Cell lysis was kept as simple as possible to avoid introduction of compounds that might potentially interfere with mass spectrometry. Accordingly, frozen cell pellets were pulverized by grinding in liquid nitrogen and cellular contents were solubilized in 50 µl of lysis buffer (8 M urea, 4% CHAPS) supplemented with 4 mM phenylmethylsulfonyl fluoride. The volumes were brought up to 400 µl each with dissolution buffer (0.5 M triethylammonium bicarbonate, pH 8) and protein assays were then carried out using Commassie Plus® Bradford assay (Pierce Research Instruments, Singapore). Aliquots of 100 µg proteins from each sample were processed for labeling with iTRAQ according to manufacturer's instructions (Applied Biosystems, Foster City, CA). The labeled samples were mixed and concentrated in a SpeedVac to reduce volatile content, before diluting 10× with cation exchange loading buffer (10 mM KH2PO4, 25% acetonitrile, pH 3).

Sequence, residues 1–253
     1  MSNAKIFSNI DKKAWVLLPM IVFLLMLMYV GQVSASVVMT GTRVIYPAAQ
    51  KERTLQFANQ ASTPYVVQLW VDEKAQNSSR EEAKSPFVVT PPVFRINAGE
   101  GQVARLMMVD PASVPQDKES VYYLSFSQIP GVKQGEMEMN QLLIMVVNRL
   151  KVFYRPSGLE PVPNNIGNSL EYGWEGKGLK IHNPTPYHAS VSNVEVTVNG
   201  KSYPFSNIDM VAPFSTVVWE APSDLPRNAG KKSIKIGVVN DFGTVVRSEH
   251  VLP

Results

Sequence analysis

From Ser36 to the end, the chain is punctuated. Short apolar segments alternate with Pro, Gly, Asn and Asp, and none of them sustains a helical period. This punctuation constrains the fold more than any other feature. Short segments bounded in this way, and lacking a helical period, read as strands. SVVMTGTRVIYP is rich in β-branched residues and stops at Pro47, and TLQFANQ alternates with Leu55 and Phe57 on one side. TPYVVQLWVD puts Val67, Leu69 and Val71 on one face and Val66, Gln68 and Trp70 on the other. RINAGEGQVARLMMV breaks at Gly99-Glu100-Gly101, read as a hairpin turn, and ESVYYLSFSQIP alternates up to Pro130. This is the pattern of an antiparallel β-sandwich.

Strong cation exchange fractionation

Injection of the sample was performed in multiple aliquots onto a strong cation exchange column (PolyLC 2 mm×150 mm, Nestgroup, Southborough, MA). Separation of peptides was performed by developing a 2-step gradient of KCl – from 0% to 20% salt buffer (10 mM KH2PO4, 20% acetonitrile, 500 mM KCl, pH 3) over 40 min, followed by an increase to 100% salt buffer over 20 min, at a flow rate of 200 µL/min with fractions collected every 1.5 min. Fractions were desalted using C-18 spin columns (Vivapure®, Sartorius, Singapore) and eluted in 70% acetonitrile, 0.25% formic acid. Acetonitrile in the eluant was eliminated by SpeedVac and each fraction was reconstituted with 1% formic acid, 2% methanol in Milli-Q water for mass spectrometric analysis.